Despite the national controversy, the feral cat issue has not sparked much conflict in Missoula. In fact, it has barely been discussed in public forums at all, and many caretakers want it that way. They love their feral cats and so, like the cats themselves, they stay silent.
“Come on babies! Come on,” Jim says sweetly, trying to lure the cats out to eat.
When he has emptied his container of food, he walks back to his trailer as the colony disappears into its run-down shelter. A passerby would never know it is there.
Awareness of Missoula’s feral cat colonies and their impact remains minimal.
When asked, County Commissioner Jean Curtiss said she did not realize feral cats had such a big impact on wildlife. “I never thought about it being a huge issue, I guess,” says Curtiss. “It is not a topic we’ve discussed.”
Jim Carlson, director of Missoula City-County Health Department’s environmental health division, was surprised to learn about the large network of colony caretakers. Even officials at the state Audubon Society did not know about the abundance of colonies in the city. And everyone agreed that there was no public discussion when TNR became the de facto policy at Animal Control.
“I don’t remember any [debate],” says Curtiss.
- Cathrine L. Walters
- Mary Johnson, a local Animal Control officer, observes a feral cat colony within Missoula city limits.
For Costello, educating the public and policymakers about feral cats is the first step toward solving the situation.
“There is a lot of literature out there, there is a lot of credible data, and they need to avail themselves of that information. It is readily available,” she says. “They need to really step back and take a hard look at this. I think the veterinary community as well has a responsibility.”
The American Bird Conservancy is tackling the education angle. It launched a campaign called Cats Indoors to encourage communities to keep cats, whether feral, stray or free-roaming, off the streets. It says indoor cats live longer and cause less damage than outdoor cats.
Mariah Scheskie of the Humane Society agrees with at least some of the organization’s claims.
“The average lifespan for an individual cat, and there are a lot of numbers out there, is 12 to 18 years,” says Scheskie. “… For an outdoor cat, if they are not being cared for, if they are just sort of out in a barn, it can be two years, so you know that is a huge number for people who love their pets, that is a huge reason for them to keep them indoors.”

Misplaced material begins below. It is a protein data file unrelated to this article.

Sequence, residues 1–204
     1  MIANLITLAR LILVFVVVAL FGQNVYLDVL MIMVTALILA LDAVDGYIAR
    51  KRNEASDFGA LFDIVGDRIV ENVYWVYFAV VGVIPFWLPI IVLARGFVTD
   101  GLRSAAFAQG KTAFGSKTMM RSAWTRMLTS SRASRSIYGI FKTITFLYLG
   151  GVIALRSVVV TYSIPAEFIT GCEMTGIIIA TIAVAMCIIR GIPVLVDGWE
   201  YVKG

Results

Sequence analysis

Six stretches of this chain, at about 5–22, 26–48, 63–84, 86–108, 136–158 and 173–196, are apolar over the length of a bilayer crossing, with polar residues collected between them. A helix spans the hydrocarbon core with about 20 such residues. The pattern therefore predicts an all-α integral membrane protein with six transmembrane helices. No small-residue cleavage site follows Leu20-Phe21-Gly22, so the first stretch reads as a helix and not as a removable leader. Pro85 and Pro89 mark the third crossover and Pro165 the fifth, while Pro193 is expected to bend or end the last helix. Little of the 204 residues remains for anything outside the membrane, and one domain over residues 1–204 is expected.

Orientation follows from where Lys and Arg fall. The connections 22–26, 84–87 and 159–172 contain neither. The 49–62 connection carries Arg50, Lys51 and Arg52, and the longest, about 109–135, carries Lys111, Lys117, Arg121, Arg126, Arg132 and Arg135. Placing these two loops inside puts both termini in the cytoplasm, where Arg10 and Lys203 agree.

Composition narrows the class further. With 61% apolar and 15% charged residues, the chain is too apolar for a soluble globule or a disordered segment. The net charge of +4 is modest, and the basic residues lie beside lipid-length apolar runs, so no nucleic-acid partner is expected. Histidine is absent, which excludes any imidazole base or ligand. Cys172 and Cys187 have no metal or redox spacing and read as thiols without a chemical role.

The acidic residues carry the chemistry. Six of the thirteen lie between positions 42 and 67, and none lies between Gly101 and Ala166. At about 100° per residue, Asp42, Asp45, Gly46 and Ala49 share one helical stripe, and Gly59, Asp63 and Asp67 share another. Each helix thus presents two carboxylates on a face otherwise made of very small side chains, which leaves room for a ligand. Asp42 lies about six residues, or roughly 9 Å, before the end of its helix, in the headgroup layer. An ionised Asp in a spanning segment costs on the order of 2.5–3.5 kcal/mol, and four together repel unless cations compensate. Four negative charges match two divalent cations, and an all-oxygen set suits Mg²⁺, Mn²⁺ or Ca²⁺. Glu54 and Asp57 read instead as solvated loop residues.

- Cathrine L. Walters
- Karyn Moltzen plays with three cats at the local AniMeals shelter. She says her organization has provided 23 tons of food to cat colony caretakers since 2006.
Moltzen thinks the Cats Indoors idea is a pipe dream. “Good luck,” she says. “It will never happen.”
As part of its campaign, the American Bird Conservancy holds up Aurora, Colo., as an example of a city with progressive cat laws. In 1994, Aurora began enforcing a cat ordinance that included a mandatory confinement of cats to their owner’s property or physical confinement (read: leashes) when off their owner’s property. Cats are entirely prohibited from running at large in the city. The ordinance imposes stiff fines and even jail time for cat owners who break the rules.
Though Missoula has a solid cat ordinance, it is weak when compared to Aurora’s policies. After all, as Moltzen indicated, many colony caretakers simply ignore the provision that requires those who feed cats to take full legal responsibility for them. And the ordinance does not entirely ban free-roaming cats.
What’s more, the Missoula cat ordinance only applies within city limits. The county does not have the authority to enforce the regulations, according to Carlson.
While education and stricter laws might solve part of the problem, one question remains: What to do with the feral cats that are already on Missoula’s streets? On this topic, opinions vary widely. TNR proponents want to stay the course. Opponents of the practice offer a variety of solutions, from rehabilitation and adoption to expanding shelter capacity to eradication. Bottom line: they don’t want the cats returned outdoors.
Larry Weeks, chairman of Five Valleys Audubon Society’s education program, says he has participated in a number of TNR drives, even working with Applebury on one occasion. Weeks believes the method cannot work on its own.
“I guess, if you are going to help the bird population you are going to have to euthanize those feral cats. I guess I have to agree with that idea, because when you turn them loose again they just go back and do what cats do and that’s kill birds, mice and everything else they can catch,” he says. “… I worked with that Trap Neuter Release program enough to realize that it’s not the solution. It has to go another step, and I think that is euthanizing the feral cats and educating people who have house pets.”
TNR opponent Costello agrees. She understands that no one wants to euthanize any animal, but she says hard decisions have to be made.
“I think the colonies need to be eliminated,” says Costello. “The whole process of TNR should be banned. I think communities should ban the practice, and I think ordinances must be passed for controlling free-ranging cats.”
For Horner at Animal Control, that scenario is hard to stomach.
“When I started here the only way of dealing with feral cat colonies in Missoula was to trap them and to euthanize them,” she says. “If you have ever truly seen one of these animals up close, for the most part they are very healthy, they are beautiful, they are bright-eyed, but they just have one downfall and that is that they are completely wild. It is really hard to euthanize one of these animals.”
With the “no-kill” movement, as Moltzen calls it, as strong as ever in Missoula, that scenario seems unlikely for now.